Angina Symptom Burden Associated with Depression Status Among Veterans with Ischemic Heart Disease
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- Trivedi, R., Gerrity, M., Rumsfeld, J.S. et al. ann. behav. med. (2015) 49: 58. doi:10.1007/s12160-014-9629-4
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Angina and depression are common in ischemic heart disease (IHD), but their association remains understudied.
This study was conducted in order to evaluate the association of 1 year change in depression with change in patient-reported outcomes of stable angina.
Five hundred sixty-nine stable angina patients completed the Seattle Angina Questionnaire and Patient Health Questionnaire (PHQ) at baseline and 1 year. Participants were divided into four groups: not depressed, new onset of depression at 1 year, remitted at 1 year, and persistently depressed. Associations between depression and angina symptoms were evaluated using regression models.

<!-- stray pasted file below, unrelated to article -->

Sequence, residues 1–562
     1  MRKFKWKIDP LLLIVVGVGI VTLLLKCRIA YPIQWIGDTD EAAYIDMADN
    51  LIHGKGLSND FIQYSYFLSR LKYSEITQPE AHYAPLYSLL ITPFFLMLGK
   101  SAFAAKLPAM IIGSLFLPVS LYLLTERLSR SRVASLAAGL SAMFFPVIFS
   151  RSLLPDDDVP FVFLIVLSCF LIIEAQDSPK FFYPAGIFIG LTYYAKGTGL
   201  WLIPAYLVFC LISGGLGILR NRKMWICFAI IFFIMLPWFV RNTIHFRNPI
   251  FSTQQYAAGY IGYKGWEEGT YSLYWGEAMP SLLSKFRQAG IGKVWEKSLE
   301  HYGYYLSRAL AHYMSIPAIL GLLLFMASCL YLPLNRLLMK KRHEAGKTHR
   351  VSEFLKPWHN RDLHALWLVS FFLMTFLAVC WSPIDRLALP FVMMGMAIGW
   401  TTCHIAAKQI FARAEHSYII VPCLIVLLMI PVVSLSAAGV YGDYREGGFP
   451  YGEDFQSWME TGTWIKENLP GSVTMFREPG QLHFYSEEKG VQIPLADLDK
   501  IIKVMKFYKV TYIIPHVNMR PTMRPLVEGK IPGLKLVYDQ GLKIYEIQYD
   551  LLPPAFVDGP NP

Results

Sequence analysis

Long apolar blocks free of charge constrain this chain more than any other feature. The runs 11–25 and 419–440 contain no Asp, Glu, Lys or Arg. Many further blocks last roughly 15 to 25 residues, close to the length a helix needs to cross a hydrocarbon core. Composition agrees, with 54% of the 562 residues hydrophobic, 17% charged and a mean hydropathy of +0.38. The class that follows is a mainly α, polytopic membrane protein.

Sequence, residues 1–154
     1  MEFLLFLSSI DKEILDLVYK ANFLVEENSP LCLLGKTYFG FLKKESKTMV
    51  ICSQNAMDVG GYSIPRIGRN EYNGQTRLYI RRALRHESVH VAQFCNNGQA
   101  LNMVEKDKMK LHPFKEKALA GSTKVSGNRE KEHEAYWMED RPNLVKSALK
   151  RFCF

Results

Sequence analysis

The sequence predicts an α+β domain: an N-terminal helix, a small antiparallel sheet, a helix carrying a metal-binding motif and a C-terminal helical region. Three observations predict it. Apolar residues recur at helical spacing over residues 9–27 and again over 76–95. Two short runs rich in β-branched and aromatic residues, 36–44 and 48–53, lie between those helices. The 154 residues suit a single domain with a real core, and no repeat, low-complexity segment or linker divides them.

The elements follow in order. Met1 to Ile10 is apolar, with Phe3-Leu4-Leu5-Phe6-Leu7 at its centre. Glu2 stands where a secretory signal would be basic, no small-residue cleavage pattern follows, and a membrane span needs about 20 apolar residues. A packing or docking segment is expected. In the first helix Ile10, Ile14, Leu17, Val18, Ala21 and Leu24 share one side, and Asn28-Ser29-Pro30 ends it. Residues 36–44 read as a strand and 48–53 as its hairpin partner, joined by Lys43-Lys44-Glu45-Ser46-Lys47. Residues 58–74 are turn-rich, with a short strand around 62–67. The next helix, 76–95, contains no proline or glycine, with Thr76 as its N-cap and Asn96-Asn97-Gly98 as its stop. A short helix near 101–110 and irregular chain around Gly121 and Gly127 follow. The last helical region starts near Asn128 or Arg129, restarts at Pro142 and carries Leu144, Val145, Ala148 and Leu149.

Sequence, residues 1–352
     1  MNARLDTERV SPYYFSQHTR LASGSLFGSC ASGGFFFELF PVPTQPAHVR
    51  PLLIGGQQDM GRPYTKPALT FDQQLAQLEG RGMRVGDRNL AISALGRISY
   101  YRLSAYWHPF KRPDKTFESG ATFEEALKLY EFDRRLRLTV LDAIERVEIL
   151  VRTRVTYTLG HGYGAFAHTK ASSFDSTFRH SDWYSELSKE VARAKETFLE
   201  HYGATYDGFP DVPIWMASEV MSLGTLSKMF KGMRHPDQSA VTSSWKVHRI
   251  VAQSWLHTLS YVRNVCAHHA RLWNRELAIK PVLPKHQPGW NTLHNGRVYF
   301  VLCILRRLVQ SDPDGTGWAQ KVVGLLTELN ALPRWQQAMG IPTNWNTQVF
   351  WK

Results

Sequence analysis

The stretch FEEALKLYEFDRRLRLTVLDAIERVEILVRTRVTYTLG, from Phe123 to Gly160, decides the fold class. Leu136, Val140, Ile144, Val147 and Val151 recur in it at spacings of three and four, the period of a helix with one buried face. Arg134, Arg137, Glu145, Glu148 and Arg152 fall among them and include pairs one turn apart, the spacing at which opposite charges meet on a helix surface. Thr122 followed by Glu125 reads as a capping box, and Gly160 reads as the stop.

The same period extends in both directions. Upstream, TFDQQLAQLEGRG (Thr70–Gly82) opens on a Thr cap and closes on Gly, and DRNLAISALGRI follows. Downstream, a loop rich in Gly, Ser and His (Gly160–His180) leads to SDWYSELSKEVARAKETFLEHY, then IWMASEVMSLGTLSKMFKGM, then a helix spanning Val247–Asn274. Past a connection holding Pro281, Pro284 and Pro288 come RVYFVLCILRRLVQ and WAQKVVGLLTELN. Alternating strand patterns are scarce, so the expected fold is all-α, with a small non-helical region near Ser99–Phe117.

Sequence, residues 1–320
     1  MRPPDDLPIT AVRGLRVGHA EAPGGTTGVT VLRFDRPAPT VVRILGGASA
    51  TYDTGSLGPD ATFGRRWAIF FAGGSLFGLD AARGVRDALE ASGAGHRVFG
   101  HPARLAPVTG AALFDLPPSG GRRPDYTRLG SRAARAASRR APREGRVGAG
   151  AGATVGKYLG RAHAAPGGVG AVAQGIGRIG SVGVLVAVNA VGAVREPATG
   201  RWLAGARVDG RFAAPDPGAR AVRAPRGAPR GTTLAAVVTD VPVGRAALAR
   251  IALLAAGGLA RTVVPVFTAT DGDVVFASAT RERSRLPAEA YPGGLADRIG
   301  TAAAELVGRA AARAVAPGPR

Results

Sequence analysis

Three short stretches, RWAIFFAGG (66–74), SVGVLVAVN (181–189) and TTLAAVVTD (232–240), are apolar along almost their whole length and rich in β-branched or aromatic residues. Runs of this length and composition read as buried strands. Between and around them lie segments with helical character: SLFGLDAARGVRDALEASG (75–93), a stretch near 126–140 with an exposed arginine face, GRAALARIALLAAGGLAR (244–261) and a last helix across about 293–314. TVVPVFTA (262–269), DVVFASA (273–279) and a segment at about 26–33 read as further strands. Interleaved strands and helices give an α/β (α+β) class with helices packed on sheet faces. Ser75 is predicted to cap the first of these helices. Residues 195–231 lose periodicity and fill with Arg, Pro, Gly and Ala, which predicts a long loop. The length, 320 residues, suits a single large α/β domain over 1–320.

Compared to those not depressed, newly depressed participants reported more angina (β = −11.7, p < 0.001) and physical limitations (β = −11.8, p < 0.001) and lower treatment satisfaction (β = −15.03, p < 0.001) and quality of life (β = −15.4, p < 0.001). Persistently depressed participants reported physical limitations (β = −7.4, p < 0.05), lower treatment satisfaction (β = −10.1, p < 0.001), and poorer quality of life (β = −10.03, p < 0.001).
Changes in depression scores and angina outcomes were significantly associated.